Educationist & Poet
Born at Bendigo on 29 October 1864, the son of Patrick O’Hara, a teacher and Mary née Connelly; a gifted student, his education by nonetheless difficult and was sustained by his winning a number of prizes in mathematics, poetry and being awarded a scholarship at Ormond College (BA, 1886; MA, 1888).
A brilliant scholar, O’Hara went on to teach briefly with the Christian Brothers and later as lecturer in mathematics and physics at Ormond. “Short, stout and lively”, in 1889 he became co-principal with Thomas Palmer (1858-1927) of the revered South Melbourne College (1889-1917); Palmer later sold his share to O’Hara in 1893 during the height of the financial depression. One of the most progressive institutions and a breeding ground for a generation of leaders, O’Hara changed the school to co-educational and both boys and girls encouraged on equal terms; with the students priding themselves on being an educational elite, the college sustained a remarkable record in matriculation examinations, thanks largely to O’Hara’s gift as an outstanding teacher.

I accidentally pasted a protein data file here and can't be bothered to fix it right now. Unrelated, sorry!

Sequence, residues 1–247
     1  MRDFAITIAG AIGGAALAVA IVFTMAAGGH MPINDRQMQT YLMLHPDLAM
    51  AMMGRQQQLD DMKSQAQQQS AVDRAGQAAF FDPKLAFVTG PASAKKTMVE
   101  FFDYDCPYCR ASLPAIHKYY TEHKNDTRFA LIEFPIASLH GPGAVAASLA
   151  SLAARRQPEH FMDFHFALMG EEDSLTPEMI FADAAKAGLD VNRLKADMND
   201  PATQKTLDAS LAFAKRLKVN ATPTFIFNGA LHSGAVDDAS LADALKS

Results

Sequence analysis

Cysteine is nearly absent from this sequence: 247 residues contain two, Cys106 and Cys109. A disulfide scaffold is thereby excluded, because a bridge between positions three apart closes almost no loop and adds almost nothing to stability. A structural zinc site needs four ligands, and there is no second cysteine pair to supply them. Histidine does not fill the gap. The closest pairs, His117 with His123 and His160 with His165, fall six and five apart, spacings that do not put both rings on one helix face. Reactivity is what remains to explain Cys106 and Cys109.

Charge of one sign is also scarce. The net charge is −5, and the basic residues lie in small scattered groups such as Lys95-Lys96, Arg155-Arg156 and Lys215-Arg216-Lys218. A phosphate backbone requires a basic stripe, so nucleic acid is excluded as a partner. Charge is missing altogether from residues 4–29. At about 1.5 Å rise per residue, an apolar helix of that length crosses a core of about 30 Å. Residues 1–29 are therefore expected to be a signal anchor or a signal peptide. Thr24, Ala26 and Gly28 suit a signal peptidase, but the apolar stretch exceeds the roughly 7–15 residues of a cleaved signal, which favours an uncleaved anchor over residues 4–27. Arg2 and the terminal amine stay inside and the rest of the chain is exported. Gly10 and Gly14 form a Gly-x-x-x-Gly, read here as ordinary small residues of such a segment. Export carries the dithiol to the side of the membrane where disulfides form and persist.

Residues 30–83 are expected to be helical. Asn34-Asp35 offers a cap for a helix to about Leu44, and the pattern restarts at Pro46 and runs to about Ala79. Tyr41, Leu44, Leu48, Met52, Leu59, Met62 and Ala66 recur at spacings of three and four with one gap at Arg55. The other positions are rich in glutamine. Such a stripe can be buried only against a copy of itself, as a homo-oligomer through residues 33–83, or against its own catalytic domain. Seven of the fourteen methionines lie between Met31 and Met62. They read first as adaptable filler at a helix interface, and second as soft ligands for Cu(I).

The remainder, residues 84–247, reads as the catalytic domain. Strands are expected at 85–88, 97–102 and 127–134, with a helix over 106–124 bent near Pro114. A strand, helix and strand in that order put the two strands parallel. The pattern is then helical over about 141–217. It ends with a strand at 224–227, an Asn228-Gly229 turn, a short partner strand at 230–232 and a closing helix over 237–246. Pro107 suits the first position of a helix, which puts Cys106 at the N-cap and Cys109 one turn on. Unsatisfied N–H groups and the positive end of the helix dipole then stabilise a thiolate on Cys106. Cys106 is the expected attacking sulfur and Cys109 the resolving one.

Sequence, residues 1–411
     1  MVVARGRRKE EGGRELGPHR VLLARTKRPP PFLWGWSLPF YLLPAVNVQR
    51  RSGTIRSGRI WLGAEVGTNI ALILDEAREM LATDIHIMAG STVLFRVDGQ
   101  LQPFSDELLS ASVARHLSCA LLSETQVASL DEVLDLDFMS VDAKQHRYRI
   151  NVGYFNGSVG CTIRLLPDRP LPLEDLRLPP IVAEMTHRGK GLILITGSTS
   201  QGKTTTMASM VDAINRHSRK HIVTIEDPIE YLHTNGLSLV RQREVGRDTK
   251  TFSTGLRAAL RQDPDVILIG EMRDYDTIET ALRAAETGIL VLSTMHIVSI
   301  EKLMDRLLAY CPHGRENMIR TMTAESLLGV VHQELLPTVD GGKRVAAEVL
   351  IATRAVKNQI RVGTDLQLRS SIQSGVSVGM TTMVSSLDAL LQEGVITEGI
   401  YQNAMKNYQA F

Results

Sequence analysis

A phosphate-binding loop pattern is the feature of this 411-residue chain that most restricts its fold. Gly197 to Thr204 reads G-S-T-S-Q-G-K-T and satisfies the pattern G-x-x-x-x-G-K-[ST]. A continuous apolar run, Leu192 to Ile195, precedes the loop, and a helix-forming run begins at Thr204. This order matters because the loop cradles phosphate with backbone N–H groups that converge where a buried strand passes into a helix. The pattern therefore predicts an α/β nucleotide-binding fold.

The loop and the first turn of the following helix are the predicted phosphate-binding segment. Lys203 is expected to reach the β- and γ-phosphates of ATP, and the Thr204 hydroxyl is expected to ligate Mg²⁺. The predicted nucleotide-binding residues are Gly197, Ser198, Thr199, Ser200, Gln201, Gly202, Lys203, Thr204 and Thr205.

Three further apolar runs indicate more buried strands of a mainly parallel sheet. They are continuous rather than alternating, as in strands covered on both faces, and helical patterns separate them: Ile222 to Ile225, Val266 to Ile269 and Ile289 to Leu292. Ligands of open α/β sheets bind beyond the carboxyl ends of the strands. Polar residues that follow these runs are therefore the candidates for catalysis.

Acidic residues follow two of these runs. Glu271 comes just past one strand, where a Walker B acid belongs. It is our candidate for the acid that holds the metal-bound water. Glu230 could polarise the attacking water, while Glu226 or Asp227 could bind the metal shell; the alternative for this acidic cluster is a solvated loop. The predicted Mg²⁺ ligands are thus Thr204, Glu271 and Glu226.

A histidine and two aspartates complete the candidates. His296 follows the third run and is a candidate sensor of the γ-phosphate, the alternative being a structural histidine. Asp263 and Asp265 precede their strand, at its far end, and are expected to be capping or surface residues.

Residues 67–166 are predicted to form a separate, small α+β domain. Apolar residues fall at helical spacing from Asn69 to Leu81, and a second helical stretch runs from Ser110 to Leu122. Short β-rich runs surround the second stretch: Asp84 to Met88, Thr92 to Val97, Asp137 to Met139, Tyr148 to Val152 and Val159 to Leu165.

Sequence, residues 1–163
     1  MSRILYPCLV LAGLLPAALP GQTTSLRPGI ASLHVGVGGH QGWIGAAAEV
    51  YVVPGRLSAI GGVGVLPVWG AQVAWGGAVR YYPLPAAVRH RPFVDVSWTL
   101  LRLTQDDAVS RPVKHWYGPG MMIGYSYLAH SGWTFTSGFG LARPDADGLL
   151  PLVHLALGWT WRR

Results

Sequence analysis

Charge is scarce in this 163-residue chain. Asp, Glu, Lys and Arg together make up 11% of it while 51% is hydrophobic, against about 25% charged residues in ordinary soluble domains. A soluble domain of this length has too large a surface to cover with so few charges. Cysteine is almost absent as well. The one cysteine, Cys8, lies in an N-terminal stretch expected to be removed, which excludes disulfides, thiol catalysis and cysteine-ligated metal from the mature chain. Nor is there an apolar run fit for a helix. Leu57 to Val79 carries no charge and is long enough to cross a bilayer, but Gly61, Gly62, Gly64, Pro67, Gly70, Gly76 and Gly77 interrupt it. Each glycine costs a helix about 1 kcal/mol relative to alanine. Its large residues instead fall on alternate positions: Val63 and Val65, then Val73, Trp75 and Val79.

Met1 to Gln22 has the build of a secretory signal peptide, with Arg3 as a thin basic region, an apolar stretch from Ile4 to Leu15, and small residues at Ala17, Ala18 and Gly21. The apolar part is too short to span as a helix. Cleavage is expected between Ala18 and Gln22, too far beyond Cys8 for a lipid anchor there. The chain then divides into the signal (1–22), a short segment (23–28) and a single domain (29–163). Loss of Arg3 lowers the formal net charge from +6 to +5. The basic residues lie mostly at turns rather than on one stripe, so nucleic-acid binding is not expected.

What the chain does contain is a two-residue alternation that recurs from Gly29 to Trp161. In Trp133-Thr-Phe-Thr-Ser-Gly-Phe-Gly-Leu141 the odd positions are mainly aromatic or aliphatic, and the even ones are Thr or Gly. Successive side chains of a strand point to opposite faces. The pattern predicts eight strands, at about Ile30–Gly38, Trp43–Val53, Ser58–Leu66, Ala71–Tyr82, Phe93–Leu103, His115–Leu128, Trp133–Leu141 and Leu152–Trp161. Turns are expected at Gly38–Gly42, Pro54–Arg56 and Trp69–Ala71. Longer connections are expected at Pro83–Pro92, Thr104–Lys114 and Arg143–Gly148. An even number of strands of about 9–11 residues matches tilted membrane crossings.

Described by The Argus as “one of the best known of Australian poets”, today O’Hara’s works such as “Songs of the south” (1891), “Lyrics of Nature” (1899), “Odes and Lyrics” (1906), “A book of Sonnets” (1902) and “Poems of John B. O’Hara” (1918), are virtually unknown; critics “praised his perfect metrical ear, his melody and his mastery of form”. Probably his best known poem, “Happy Creek” was popular to two generations of Victorian schoolchildren.
Forced into retirement by ill-health, O’Hara closed the college in 1917 and resided at 98 Beaconsfield Parade, Albert Park where he died from kidney failure on 31 March 1927; on 3 December 1910 he married ex-student Agnes née Law.
ADB Volume 11 1891-1939 (Nes-Smi).
The Argus 1 & 2 April 1927.
The Herald 31 March 1927.
The Age 1 April 1927.
(Image by permission of the National Library of Australia, nla.pic-an23479393)